The second element (failure to consider relevant considerations) is based on the inadequate treatment of the SSSI. This site is protected by EU law as well as the UK SSSI legislation. The development will damage the site - and effectively whoilly remove the rationale for it being an SSSI. A development without infrining on that site could be proposed (and was indeed considered in Aberdeenshire Council as one of the proposed planning conditions).

I'm not anti-development, not an environmentalist, but a lawyer that dislikes the rules of the game being ignored when someone claims to have big enough pockets to ride roughshod over the system. The material you identify, the current economic climate (and its impact on his funding for this project), the empty promises (who is going to take the Open miles and miles north of Carnoustie to a new course as seems to be promised?, the nature of the jobs that will apparently be created, the viability of a rich man's tourist resort north of ABerdeen, and the way in which politicans were in thrall to Trump, as well as the legal stuff all suggest this is probelmatic.

Would the chief planner have called in any other application after 2 5 minute phone calls with the relevant minister? Why did it only become a matter in the national interest once Aberdeenshire Council refused it - when given their own planning guidelines central government should have been notified of the application, and could have called it in from the very time the application was initially made?

Legally, it looks odd - and reviewable (and a legal academic article has appeared suggesting as much earlier this year). Economically it looks unsustainable.

But, what do we know?

Very best wishes

Scott

Richard Havers said...

Hi Scott

Fascinating comments. Like you I'm not a tree hugger or ant development but I am anti hypocrisy and most everything about this case from day one has had hypocrisy not far from its core.

The SSSI argument has always been one that seems pivotal in al this; although it’s not the first time that permission will have been given on a SSSI. Recently Aikengal wind farm in East Lothian was granted permission despite some of the site being a SSSI. There seems little point in granting such status if it is to be ignored.

There seems to have been a good deal of naivety on the part of the Government, perhaps new into their positions they all got a little Trump-struck. It seems to me that they should have acted a god deal more dispassionately from the outset. Mind you as soon as government ministers started to say things like it was important for Scotland to be seen to be acting positively towards inward investment then writing was on the wall.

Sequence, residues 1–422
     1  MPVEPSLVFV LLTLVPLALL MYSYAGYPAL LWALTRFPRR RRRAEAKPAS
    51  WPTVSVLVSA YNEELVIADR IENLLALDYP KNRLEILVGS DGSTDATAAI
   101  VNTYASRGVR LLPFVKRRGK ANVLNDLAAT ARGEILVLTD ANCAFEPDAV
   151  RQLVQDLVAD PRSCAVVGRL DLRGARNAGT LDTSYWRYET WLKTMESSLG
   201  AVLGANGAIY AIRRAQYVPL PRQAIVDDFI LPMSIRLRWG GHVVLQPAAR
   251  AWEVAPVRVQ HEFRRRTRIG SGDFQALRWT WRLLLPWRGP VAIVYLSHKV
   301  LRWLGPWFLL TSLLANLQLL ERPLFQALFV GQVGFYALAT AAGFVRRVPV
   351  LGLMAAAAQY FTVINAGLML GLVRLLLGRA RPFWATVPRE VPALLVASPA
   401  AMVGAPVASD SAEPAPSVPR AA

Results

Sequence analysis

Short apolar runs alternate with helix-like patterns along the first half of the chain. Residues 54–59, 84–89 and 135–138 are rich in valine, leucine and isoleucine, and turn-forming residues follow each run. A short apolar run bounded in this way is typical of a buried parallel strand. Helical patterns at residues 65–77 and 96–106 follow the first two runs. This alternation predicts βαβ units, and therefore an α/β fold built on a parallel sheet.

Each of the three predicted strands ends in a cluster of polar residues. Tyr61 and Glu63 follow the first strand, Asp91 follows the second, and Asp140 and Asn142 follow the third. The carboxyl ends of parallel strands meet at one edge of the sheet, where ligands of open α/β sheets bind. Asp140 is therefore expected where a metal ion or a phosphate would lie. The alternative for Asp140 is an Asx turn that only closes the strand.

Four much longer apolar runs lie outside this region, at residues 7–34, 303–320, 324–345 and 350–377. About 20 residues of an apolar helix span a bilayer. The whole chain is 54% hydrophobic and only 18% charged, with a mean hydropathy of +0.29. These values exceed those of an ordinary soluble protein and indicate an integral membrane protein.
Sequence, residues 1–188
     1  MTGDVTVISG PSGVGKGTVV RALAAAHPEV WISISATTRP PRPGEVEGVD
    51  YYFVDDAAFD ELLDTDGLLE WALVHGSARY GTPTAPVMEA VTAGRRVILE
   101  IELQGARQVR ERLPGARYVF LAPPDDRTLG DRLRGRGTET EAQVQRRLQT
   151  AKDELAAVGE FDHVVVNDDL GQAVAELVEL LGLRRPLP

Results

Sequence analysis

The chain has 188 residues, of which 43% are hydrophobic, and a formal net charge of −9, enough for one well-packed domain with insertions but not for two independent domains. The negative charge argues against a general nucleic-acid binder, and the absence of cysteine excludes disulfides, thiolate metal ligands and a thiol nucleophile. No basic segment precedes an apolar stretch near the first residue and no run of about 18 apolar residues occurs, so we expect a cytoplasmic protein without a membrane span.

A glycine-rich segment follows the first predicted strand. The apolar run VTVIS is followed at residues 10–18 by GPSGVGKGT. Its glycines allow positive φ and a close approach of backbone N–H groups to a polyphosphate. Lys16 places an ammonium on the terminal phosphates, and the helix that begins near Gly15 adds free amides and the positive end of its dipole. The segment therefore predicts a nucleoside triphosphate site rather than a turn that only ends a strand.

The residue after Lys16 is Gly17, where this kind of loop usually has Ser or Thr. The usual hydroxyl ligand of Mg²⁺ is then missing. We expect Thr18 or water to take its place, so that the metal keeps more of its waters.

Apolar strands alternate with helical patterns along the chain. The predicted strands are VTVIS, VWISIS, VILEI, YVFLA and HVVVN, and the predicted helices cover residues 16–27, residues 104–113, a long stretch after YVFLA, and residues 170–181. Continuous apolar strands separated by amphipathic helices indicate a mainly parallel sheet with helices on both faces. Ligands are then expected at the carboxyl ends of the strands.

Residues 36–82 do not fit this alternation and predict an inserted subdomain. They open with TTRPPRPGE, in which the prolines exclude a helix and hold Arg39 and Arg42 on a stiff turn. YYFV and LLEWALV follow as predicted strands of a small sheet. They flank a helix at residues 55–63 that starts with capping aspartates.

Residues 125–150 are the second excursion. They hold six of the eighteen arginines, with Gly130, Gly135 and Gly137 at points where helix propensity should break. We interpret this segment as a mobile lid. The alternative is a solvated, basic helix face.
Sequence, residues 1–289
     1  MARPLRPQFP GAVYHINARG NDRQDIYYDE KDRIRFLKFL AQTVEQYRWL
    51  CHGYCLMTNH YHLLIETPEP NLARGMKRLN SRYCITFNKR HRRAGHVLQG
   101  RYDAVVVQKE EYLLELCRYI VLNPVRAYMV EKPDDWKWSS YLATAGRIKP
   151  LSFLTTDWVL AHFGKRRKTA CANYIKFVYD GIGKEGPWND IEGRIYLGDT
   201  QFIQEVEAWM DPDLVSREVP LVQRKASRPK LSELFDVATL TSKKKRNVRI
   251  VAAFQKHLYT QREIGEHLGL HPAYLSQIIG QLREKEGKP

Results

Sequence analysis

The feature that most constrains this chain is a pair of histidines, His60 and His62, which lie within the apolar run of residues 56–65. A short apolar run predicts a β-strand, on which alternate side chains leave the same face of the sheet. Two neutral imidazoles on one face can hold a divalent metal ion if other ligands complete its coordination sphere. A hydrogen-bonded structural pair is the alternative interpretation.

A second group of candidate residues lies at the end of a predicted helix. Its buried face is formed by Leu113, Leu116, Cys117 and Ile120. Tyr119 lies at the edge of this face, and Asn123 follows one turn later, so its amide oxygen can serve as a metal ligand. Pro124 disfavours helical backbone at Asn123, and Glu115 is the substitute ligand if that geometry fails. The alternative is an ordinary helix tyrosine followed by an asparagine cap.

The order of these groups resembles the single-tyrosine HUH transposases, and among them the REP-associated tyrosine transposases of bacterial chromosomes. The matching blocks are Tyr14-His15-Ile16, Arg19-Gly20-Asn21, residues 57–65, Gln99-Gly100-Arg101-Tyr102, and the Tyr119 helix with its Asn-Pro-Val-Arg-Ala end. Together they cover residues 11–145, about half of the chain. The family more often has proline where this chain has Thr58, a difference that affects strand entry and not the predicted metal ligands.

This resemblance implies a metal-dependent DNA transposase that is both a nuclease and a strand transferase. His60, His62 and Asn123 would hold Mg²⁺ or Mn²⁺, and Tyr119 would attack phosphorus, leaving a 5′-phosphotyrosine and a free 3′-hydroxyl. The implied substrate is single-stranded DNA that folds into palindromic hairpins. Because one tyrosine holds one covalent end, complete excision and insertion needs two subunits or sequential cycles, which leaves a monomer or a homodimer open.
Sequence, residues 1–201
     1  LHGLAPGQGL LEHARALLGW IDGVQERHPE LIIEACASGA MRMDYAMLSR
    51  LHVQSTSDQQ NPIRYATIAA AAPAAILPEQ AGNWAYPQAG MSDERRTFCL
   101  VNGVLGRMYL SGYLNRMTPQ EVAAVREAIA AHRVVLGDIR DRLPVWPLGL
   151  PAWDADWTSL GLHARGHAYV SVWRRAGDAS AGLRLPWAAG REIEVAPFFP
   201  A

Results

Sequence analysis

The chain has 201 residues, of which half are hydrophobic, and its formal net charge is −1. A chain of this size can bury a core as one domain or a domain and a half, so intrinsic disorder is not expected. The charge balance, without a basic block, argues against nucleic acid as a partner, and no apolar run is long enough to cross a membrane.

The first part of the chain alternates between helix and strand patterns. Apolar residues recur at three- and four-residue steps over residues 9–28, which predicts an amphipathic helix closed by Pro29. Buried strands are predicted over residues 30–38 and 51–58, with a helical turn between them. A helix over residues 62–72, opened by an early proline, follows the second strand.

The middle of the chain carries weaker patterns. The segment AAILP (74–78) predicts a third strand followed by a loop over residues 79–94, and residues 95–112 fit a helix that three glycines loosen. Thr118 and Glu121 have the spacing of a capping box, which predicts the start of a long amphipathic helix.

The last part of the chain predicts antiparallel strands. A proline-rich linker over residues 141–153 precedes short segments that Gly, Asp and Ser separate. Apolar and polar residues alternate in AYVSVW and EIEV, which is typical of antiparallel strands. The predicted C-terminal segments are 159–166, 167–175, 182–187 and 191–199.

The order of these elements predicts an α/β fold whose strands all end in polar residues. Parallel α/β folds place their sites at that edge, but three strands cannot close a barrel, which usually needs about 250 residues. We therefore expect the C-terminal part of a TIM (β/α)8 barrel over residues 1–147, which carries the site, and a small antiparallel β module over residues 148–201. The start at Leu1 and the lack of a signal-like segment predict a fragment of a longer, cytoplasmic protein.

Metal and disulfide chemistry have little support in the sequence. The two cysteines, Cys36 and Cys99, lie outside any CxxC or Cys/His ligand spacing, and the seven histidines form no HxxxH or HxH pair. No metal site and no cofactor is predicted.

I remain convinced that the economics will over rule the politics, although it has set a potentially damaging precedent.

Congrats on the recent addition to the family!

p.s. I’ve passed yours to a learned friend of mine to see what he has to say…

Richard Havers said...

The SNP's intervention came after the First Minister held a private meeting with the Trump's team in Aberdeen's Marcliffe Hotel in the aftermath of the council's rejection of the scheme. Salmond said it was his duty as the local constituency MSP. His timing was unfortunate

The following day the government's chief planner, Jim Mackinnon, who was meeting Trump's camp, rang Alan Campbell, chief executive of Aberdeenshire Council. Campbell asked the Trump team to leave the room while the two officials spoke together.

A few hours later, Mackinnon called again to inform Campbell that the planning application was being called in by Swinney, the Finance Minister. Swinney had attended a function at the Trump-owned Westchester Country Club in New York State just two days before he made his decision.

Politics is a dirty game...

James Higham said...

Does he drive a Trumpmobile, Richard?

Ellee Seymour said...

Yes, all that glistens is not gold. If something looks too good to be true, the chances are it is.

The Lakelander said...

Tom English writes a very good piece in Scotland on Sunday

He questions The Donald's ability to create the world's greatest golf course here, when none of the ones he owns in America make it into the Golf Digest Top 100 rankings for 2007.

Scott @ loveandgarbage said...

THought you'd be interested in TOm HArris's somewhat ill-informed comments at http://tomcharris.wordpress.com/2008/11/09/are-you-local/ .

If I have time tomorrow I might reply to him in some detail.